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At 33, Robert Kirkman has accomplished more than most people do in a career. He's the executive producer and writer of The Walking Dead, the pop-culture phenomenon that also happens to be based on the award-winning comic series he created and continues to write (the 100th issue was just released in July.) If that weren't enough, he continues to create and write other comics at Skybound, his own imprint at Image Comics, where he has been a major force in revolutionizing the business model of the comic book publishing industry with his infamous "Kirkman Manifesto." Last year he released his first novel, which debuted at #18 on The New York Times bestseller list. Simply put: The guy does a lot. We spoke with the entertainment industry's beloved Renaissance man to talk about killing off the show's characters, how he would handle an apocalypse, and what it's like to sit at a writer's table where people are constantly trying to make his work better (spoiler alert: "It's awkward.")
GQ: Why do you think the show's become so popular?
Robert Kirkman: The fall of civilization is a fun fantasy to explore. And I also think it's in the zeitgeist; it's definitely something they talk about on Fox News a lot, and it's the end of the world every week on the History Channel, so it's on people's minds. And being able to explore and experience it in a very safe and detatched way is something that's pretty appealing. Also, we've got zombies eating people -- and that's always cool.
GQ: After Hurricane Sandy, many people felt like they were living through
The Walking Dead. How do you think you'd hold up personally? Robert Kirkman: I don't think I would handle that very well at all. It is kind of bizarre to think about all the different things that have happened over the last few years. It's just terrifying to really recognize how close to the edge we are at times.
GQ: Do you feel like you have had a hand in making comics cool again?
Robert Kirkman: [Laughs] No, I feel like I've been a tremendous benefactor of that movement, but that was going on well before The Walking Dead started getting wide notice. Comics are a fantastic storytelling medium -- I think that because there's not a lot of money in the game, there's not a lot of control hampering that creativity and expression, and I think that people are starting to recognize that some of the newest, most original, and coolest ideas are being explored in the comic medium.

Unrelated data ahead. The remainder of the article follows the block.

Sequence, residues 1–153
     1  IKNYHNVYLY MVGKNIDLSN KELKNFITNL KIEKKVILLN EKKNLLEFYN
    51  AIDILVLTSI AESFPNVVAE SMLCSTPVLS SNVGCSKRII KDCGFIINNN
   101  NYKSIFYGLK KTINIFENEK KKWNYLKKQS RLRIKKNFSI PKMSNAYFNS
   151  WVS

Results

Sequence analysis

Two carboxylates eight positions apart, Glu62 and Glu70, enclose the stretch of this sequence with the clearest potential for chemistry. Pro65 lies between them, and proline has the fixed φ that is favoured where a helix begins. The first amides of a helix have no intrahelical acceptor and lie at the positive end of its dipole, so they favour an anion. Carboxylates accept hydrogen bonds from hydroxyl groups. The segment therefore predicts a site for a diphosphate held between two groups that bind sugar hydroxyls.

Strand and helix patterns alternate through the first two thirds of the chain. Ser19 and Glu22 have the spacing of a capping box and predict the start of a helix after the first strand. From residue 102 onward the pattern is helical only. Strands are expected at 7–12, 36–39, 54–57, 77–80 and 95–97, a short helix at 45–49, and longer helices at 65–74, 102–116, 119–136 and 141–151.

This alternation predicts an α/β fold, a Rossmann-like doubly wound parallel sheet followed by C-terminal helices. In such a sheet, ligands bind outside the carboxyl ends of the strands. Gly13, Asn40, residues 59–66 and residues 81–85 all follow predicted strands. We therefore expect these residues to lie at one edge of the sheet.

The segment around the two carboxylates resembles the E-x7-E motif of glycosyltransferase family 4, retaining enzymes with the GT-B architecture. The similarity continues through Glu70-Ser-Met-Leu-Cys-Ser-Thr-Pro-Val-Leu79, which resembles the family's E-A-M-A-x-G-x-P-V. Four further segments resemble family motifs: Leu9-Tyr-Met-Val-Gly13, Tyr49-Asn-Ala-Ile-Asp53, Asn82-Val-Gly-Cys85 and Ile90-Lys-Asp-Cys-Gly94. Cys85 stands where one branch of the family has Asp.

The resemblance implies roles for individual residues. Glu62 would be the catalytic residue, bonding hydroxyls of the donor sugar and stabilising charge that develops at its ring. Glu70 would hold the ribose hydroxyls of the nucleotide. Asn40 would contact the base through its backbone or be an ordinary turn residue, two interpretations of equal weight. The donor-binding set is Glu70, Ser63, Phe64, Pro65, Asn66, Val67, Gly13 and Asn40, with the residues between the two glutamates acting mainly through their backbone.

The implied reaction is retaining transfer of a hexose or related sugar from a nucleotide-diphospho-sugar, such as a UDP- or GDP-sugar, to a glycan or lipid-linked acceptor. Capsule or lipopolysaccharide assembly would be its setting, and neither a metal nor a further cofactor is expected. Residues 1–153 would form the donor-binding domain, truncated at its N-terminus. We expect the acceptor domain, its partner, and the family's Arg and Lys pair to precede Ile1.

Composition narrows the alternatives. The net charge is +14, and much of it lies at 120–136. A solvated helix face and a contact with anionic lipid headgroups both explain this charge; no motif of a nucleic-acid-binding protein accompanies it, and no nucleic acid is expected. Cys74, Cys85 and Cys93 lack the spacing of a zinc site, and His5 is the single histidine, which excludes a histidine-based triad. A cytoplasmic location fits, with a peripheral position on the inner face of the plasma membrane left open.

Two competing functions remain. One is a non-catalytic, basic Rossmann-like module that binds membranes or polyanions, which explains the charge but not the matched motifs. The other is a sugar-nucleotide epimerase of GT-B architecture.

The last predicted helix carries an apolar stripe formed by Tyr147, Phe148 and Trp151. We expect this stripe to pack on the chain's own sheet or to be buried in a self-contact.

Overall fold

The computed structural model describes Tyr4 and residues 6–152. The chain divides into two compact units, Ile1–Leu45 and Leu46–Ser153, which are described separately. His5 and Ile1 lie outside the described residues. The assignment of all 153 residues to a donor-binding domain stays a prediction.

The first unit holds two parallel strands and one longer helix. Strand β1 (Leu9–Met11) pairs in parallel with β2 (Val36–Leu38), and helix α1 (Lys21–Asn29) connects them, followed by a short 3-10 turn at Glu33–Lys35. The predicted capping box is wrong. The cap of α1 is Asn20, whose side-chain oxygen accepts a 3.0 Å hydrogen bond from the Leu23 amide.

GQ: What's it like to have to work at a writer's table and have the material you write for the comics be adapted by other people?
Robert Kirkman: It's a little bizarre. I'm actively sitting in a room with six other people who are critiquing my work and trying to improve it, which is a lot of fun. We have discussions and we have to bring up storylines that I wrote like seven years ago; being in the room for that can be awkward at times, but I thoroughly enjoy it. It's been a really cool process.
GQ: Do the writers ever want to take it in a direction you don't want it to go?
Robert Kirkman: Not really. There are definitely arguments in the writer's room and different people want to different things and you work together as a group and decide on what the best path is. I don't think there's ever been a case where I've been particularly unhappy with a direction that we're going in. I'm sure it'll happen someday. I'm looking forward to it.
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